Dubai is not the only issue. At least two sources I’ve spoken to in the past week cite difficulties in persuading experienced, senior staff to take up positions in other Gulf countries. One even admits that it has been searching for an executive to run its Saudi marketing activities for the best part of 12 months, but simply can’t find a willing candidate who fits its demanding job description.

It is common to see vendors solve a recruitment dilemma by poaching employees from their distribution partners. This is happening with alarming frequency, allege distributors. Many employees in this tier of the channel harbour aspirations to work at manufacturer level. They regard it as a step up the career ladder and therefore welcome any opportunity they may get to make the jump. However, the absurd result of this scenario is that vendors are then complaining about the distributor’s performance even though they have plundered its best staff! Such an action doesn’t solve the skills shortage, but merely transfers the problem from one layer of the channel to another.

Just as significant is the relaxation of labour laws that has occurred in recent years. It is now far easier for workers to change horses, fuelling a much more dynamic and free recruitment environment, but ultimately one where the emphasis has shifted from employer to employee.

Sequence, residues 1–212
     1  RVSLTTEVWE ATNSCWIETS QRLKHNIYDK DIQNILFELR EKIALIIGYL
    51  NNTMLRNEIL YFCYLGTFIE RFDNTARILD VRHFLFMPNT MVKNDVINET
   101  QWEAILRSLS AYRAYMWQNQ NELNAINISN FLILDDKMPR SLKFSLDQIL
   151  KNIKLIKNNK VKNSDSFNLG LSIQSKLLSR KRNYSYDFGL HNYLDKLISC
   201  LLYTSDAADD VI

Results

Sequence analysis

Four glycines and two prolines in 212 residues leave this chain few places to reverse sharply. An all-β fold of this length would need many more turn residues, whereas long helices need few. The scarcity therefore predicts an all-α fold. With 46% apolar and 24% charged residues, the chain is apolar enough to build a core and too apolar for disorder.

The point I am making is that the combination of all these factors suggests the channel is facing a skills shortage that could potentially inhibit the growth of the entire market. Will we eventually reach a stage where IT companies in the Middle East have a front-end sales office here and back-office functions somewhere else? If current trends persist then that proposition might not seem as radical as it sounds.

Training turmoil

While some parties in the Middle East are berating a shortage of staff, it seems others are unhappy about the blatant lack of interest in reseller training courses. Let me explain. Channel Middle East was mistakenly copied in on an internal e-mail discussion between several employees at a well-known value added distributor based in Dubai earlier this week. We’ll refrain from naming them, if only to spare their blushes.

The story goes that the distributor ran a couple of promotions in April last year to coincide with an event that one of its major partners - a large and reputable security vendor no less - held for resellers in the UAE. The first promotion didn’t exactly prove to be much of a hit, however. Just two resellers submitted applications that made them eligible for the promotion, which was eventually pulled in October after it “generated no incremental business”, according to the distributor’s Middle East and North Africa business development manager in charge of that particular brand.